Encaustic on Washi

Encaustic – heated beeswax mixed with pigment – was traditionally applied to wooden panels, but can very successfully be used on paper. Washi is especially good as it absorbs the pigment without flaking. The translucent nature of wax dovetails beautifully with translucent washi. Wax can also be used as a resist as in the textile technique of batik. What follow here are some suggestions of ways of using encaustic with washi

Tips and Things to Consider

 · encaustic can be applied directly to paper though we suggest working on a heated surface as it can be difficult to control the heavy impasto

· wax makes washi even more translucent creating interesting possibilities for layering

· try laying a sheet with wax over a sheet with other drawn or painted marks

· other materials can be collaged or embedded into the wax layer

· use encaustic for monoprint: paint on heavy paper or board & transfer to washi by ironing (use tacking iron for small areas): this takes practice to keep colours from blending over-much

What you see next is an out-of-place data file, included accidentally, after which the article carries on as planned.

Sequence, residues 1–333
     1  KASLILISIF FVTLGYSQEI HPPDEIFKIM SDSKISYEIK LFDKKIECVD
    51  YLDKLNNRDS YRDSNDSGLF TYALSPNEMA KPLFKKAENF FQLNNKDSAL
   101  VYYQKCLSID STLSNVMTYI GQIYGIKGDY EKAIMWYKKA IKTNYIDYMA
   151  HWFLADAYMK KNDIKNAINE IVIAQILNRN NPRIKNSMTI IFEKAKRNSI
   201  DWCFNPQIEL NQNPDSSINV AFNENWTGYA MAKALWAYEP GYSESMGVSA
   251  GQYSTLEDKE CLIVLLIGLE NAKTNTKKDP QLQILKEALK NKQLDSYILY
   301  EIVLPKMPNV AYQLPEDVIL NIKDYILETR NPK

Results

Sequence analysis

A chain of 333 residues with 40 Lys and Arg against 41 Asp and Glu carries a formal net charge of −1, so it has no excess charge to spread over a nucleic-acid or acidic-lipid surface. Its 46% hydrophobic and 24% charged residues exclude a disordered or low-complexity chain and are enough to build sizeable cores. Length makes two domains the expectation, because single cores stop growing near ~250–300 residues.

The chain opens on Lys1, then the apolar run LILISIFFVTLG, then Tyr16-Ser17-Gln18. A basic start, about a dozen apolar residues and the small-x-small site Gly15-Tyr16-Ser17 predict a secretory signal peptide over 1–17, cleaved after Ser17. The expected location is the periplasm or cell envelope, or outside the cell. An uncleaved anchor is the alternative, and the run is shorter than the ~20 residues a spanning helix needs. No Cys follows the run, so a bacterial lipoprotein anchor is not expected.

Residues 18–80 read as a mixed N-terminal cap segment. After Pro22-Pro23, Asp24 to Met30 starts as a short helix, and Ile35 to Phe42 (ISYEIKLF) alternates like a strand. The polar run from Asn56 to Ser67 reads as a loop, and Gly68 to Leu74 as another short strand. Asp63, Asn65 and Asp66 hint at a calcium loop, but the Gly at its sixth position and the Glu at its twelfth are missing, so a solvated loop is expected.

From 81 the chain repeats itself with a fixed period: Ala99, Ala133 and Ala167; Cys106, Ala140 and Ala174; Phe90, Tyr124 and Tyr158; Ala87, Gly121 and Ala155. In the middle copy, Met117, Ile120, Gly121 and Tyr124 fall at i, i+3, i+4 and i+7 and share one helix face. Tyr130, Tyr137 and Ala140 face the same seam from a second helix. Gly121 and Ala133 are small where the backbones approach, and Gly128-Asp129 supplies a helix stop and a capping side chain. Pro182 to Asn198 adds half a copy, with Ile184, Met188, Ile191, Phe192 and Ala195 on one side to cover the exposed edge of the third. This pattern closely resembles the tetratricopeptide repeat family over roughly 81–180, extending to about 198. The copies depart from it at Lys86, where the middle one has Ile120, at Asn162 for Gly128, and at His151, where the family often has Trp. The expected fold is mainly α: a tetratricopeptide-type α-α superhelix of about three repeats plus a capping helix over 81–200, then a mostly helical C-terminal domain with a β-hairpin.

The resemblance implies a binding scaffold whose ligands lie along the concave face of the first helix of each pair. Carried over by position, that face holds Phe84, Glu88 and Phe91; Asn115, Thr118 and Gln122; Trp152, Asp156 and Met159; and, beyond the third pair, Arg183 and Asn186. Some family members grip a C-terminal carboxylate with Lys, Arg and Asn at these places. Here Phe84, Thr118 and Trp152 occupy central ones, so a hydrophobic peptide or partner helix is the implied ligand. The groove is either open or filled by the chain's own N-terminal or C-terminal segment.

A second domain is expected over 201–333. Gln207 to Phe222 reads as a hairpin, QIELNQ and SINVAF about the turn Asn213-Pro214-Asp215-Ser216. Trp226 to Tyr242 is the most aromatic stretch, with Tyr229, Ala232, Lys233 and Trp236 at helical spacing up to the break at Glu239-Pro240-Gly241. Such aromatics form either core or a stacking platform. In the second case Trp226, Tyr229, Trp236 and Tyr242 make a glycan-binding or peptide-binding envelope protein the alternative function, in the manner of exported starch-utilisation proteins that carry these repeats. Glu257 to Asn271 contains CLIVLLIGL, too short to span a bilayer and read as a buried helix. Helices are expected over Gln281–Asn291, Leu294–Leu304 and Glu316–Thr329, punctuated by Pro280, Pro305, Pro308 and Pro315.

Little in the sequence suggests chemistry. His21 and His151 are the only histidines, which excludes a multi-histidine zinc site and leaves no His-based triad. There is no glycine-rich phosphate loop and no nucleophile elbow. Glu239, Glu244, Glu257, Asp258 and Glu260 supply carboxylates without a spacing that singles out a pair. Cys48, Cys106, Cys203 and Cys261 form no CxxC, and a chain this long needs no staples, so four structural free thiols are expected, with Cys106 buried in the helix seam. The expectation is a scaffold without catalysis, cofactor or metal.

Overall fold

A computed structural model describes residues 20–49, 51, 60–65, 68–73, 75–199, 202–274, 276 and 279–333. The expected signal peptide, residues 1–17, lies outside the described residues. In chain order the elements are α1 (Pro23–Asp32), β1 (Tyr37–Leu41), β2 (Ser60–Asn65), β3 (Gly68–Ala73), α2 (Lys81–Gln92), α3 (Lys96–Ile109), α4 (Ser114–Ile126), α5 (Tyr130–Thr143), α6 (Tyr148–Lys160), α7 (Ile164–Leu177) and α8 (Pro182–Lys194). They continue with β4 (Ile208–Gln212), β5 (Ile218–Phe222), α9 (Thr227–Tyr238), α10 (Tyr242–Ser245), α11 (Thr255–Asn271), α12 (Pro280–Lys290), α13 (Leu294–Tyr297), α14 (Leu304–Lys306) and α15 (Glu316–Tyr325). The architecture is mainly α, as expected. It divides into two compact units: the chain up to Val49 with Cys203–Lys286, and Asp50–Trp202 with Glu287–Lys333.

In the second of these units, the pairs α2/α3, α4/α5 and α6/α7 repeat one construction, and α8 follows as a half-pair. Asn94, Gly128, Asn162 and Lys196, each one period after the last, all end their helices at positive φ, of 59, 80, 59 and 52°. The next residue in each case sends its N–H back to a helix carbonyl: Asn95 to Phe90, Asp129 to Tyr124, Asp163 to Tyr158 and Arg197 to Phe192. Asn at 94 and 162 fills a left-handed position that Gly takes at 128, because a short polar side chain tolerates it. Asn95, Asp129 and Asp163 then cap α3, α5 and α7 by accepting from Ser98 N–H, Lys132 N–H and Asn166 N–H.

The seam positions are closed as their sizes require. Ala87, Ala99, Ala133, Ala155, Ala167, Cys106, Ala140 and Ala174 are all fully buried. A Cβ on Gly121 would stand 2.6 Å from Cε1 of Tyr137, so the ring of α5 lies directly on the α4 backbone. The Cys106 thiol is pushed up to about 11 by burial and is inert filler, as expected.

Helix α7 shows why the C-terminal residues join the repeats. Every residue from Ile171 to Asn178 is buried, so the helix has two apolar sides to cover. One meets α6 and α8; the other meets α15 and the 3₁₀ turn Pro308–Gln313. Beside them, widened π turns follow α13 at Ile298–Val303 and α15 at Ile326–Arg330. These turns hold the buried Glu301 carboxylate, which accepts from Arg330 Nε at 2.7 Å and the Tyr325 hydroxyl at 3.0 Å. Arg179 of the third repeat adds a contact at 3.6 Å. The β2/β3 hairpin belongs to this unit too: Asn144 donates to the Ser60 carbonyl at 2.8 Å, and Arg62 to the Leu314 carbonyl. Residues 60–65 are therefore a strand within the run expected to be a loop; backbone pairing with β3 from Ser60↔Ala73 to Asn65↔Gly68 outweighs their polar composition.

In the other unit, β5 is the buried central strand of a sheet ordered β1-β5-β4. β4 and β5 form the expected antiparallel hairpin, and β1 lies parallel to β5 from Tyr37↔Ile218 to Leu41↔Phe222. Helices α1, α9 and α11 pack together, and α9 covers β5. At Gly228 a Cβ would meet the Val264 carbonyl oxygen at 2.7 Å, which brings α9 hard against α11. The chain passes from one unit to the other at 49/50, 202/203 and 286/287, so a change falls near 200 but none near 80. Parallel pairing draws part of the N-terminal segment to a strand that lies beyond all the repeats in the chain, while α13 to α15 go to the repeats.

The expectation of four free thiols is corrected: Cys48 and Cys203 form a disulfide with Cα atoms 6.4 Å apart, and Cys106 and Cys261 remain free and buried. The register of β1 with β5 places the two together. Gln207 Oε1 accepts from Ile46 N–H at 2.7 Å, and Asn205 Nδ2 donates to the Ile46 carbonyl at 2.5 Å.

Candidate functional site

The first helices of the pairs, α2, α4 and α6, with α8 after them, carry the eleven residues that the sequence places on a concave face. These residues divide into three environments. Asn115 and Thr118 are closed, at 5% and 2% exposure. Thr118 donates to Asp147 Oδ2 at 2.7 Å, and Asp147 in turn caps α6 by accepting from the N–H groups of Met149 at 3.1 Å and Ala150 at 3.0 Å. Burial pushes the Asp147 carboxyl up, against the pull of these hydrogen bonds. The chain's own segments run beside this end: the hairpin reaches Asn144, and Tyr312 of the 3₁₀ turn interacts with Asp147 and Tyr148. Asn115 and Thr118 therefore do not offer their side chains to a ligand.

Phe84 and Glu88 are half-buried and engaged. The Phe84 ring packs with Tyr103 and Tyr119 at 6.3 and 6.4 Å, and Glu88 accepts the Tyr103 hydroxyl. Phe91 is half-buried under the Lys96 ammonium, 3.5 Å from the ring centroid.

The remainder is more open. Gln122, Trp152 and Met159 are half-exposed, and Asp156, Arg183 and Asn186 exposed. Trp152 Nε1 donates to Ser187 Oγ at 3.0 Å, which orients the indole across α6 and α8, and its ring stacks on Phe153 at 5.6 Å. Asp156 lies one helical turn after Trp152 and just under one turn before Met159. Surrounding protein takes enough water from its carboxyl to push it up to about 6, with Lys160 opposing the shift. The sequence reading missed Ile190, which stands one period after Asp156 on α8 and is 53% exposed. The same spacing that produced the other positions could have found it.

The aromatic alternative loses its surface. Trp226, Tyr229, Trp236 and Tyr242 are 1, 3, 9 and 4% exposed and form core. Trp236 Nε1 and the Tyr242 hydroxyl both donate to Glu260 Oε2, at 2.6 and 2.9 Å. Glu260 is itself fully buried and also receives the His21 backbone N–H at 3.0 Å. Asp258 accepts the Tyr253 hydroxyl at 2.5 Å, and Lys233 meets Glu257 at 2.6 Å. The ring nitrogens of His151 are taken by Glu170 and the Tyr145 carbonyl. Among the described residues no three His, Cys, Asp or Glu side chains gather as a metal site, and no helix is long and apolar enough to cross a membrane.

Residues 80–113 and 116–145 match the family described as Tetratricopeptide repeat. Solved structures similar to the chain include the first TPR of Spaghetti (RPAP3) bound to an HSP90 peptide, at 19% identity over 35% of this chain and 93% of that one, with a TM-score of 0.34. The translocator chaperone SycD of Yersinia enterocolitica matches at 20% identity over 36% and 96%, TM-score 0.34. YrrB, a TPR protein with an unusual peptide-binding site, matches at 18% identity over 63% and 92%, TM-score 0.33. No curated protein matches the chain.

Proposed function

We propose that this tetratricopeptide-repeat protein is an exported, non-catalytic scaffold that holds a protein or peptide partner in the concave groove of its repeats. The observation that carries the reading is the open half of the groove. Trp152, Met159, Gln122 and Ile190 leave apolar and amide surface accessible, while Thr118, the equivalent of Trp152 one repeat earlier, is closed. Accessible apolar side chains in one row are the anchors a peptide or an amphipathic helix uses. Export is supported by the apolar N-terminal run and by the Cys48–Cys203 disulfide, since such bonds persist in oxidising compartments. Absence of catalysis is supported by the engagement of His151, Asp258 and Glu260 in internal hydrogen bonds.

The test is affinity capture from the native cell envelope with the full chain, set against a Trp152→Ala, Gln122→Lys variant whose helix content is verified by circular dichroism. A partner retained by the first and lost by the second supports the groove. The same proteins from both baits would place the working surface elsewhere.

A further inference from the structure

· keep your iron clean by covering the hot foot with a fresh piece of aluminum foil

· use wax as a resist in combination with wet media as in batik

· scratch into wax and rub paints or printing inks into scratches as a form of sgraffito (excess color wipes off surface of wax, color stays in the scratches)

· wax can make paper waterproof with interesting possibilities for working with paper sculpturally

· adhesives won't work on paper with wax: consider joining pieces by stitching

· think ahead as to how work will be mounted/framed –  if piece is to be floated then consider incorporating hinges into back of piece before applying wax

· Hot Cakes made by Enkaustikos are a convenient and easy way to use encaustic paints on washi

Paper Suggestions

need a heavier paper to hold more impasto? Try
Usu Kuchi Extra Heavy

100%kozo small-format cards with deckle edges
Kozo Card
Etchu Shiksihi

Smaller format mid-weight paper with deckle edges
Mura Koban
Suzuki Squares

Gampi Smooth retains a crispness if wax layer remains thin

Artists Using Wax with Washi
Milton Jewell
Mary Jane Varro

Hotcakes encaustic paints


Image provided by The Japanese Paper Place  ·  Artist Milton Jewell  ·  Encaustic Monoprint

All information courtesy of The Japanese Paper Place
Reproduction by permission only